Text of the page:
This series, originally launched in the 1990s, provides important findings and analysis from major population-level studies that do not require extensive introduction or discussion. Contributions are welcome from researchers who have analysed data from population-level data sets of acknowledged quality, from which they derive important conclusions that require little by way of introduction or explanation. Papers will normally be up to 2000 words with an introduction that may be limited to a brief statement of the research aims, rationale and relevant prior evidence. We believe this series can serve a useful function in allowing researchers to disseminate important findings of international significance about populations without having to go through unnecessary machinations to hone the introduction and discussion sections.
HCV series (New developments and opportunities for preventing Hepatitis C Virus among people who use and inject drugs)
This series highlights and documents the best new evidence emerging from around the world on the syndemic of HCV and drug use. We are interested in receiving systematic reviews, trials and other evaluations, ethnographic and modelling studies that inform and test how HCV can be prevented in people who use and inject drugs.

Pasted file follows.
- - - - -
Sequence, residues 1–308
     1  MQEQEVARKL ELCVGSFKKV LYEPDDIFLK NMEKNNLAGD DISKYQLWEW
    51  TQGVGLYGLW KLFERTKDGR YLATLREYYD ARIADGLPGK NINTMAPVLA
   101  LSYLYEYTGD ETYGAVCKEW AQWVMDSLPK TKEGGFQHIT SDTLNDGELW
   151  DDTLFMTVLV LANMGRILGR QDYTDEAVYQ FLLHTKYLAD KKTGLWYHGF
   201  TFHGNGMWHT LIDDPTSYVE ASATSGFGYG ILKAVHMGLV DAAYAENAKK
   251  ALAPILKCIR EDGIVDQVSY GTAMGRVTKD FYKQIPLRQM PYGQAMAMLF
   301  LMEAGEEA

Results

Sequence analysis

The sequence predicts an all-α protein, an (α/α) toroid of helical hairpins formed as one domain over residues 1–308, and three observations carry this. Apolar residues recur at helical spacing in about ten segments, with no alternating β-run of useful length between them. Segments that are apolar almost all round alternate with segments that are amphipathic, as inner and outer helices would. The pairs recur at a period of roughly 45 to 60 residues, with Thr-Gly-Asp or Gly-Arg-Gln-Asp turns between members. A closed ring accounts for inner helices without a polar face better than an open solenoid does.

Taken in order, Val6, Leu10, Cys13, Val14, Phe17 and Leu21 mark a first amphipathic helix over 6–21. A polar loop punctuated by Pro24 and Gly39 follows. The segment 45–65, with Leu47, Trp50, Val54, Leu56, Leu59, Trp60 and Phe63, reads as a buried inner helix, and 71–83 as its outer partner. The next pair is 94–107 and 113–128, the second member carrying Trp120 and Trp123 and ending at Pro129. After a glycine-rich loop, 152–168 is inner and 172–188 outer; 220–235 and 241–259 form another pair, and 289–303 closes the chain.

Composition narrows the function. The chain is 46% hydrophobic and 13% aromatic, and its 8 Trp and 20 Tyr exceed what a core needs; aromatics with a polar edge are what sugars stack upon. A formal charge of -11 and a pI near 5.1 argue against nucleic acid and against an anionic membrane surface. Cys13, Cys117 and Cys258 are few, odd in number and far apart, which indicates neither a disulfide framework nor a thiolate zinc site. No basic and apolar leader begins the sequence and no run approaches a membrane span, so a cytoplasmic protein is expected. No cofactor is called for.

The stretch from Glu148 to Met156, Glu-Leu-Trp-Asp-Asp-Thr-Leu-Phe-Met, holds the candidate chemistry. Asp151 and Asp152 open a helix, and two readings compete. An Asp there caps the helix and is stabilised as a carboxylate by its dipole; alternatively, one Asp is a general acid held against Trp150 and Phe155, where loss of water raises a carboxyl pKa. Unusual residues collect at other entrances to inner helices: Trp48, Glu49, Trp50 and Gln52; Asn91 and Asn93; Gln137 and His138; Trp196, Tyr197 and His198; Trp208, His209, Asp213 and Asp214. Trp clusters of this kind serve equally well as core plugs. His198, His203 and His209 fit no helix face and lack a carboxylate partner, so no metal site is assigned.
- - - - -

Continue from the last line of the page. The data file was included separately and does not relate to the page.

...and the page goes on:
Methods & Techniques
Articles in this category may be invited or unsolicited. Methods & Techniques papers deal with methodological issues. They include descriptions, assessments or comparisons of 1) methods of diagnosing or quantifying addiction or dependence; 2) any measures or instruments (biochemical, physiological, behavioural, questionnaire-based etc.) used to study addictive behaviours, their features, causes or consequences; 3) statistical methods; 4) methods for obtaining study participants; 5) study designs; and 6) discussion or investigation concerning the nature and publication of addiction research. The scope of the category is wide, ranging from state-of-science primers on methods that are popular but frequently misunderstood through methods that are emerging and underused to original techniques. Papers should be written in a style that will engage readers without specialist statistical expertise and have a strong relevance to research in the addictions. The word limit is 3500 excluding abstract, tables and references. Where a study is presented, the abstract should be structured (250-word limit) and include the following headings: Aims, Design, Settings, Participants, Measurements, Findings, Conclusions; in the case of non-empirical articles, other abstract structures will be allowed.